The final division of the concert was performed by the senior high concert band. They began with a piece titled Canto, followed by The Lord of the Dance which included a flute solo by Courtney Hart. They then played salvation is created. And to finish the concert Concert band played what Ms. Bengston called, "their strongest piece" Blue Ridge Saga. Bengston added, "[Blue Ridge Saga] was an excellent demonstration of their energy as an ensemble and their ability to play a variety of styles." Overall each ensemble performed well and ended the night successfully.
By Kenidy Cessna
On March 7th the HES PTO (Hinckley Elementary School Parent Teacher Organization) hosted an event known as Family Literacy Night. During that time an author Every This night has taken place many time before but the HES PTO hopes to continue on the annual event. Nancy Carlson came to visit the kids and later that evening families and students were treated to a meal and fun activities.
Nancy Carlson is known for writing children books and her cartoon doodles and was raised in Minnesota. She went to the elementary school and spoke to the students about drawing her well known dog doodles and she talked about her childhood. Carlson also read and signed books for the classes. Later that evening Family Literacy Night took place, all families Pre-K through 6th grade were invited and treated to a delicious meal form the HES PTO. After the meal the families could roam the halls and search for fun literacy events they were interested in partaking. One of the activities was making your own story, the student or person would roll the dice and the dice would give the setting, in this case the monster, and the conflict; then the student or family member made up their own story with the given subjects.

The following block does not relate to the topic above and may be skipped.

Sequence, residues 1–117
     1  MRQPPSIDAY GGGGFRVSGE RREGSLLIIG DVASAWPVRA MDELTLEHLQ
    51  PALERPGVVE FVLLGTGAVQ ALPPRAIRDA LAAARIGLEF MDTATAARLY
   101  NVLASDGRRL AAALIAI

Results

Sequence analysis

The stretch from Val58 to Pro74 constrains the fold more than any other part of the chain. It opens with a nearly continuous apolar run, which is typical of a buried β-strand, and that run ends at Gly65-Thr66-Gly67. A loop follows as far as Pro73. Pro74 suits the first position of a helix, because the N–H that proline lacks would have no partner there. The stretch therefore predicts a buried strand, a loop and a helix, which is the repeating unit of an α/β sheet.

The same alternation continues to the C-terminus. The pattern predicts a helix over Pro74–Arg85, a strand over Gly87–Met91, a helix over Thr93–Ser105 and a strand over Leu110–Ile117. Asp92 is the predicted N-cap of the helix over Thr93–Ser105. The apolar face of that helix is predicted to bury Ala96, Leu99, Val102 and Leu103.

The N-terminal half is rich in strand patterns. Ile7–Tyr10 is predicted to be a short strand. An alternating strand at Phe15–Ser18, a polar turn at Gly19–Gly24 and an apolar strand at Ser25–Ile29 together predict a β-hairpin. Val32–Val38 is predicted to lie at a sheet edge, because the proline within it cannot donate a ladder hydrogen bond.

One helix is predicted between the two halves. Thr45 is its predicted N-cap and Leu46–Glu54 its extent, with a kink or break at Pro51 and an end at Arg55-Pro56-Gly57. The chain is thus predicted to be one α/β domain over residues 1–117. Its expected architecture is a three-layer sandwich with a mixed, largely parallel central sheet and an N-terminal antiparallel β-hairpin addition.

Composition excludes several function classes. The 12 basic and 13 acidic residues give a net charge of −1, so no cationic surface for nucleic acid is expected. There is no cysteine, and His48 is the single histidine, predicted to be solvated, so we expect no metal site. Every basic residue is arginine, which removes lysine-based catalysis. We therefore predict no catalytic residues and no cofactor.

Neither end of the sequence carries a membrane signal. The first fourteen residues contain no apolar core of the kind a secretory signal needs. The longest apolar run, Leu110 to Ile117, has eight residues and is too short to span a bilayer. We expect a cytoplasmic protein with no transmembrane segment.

“When she explained how the colors made up the character’s emotions in the book I found it interesting, like when the page’s theme color is blue it means the character is upset or sad about something. I liked hearing about her books and I want to read more of them” says Abby Cessna.
Many different organizations and businesses helped and/or donated certain objects to the HES PTO to use during the eventful night. Teachers volunteered to help with the literacy events, 7th and 8th graders also went to the Literacy Night to give their time to help with the events and PTO serve the meal. Thank you to all that made this a successful event...HES and FES PTO, Comm. Ed., Grand, Cinema, Lion's Club, Ausmus Carpet, Daggetts, and Tobies.
By Kenidy Cessna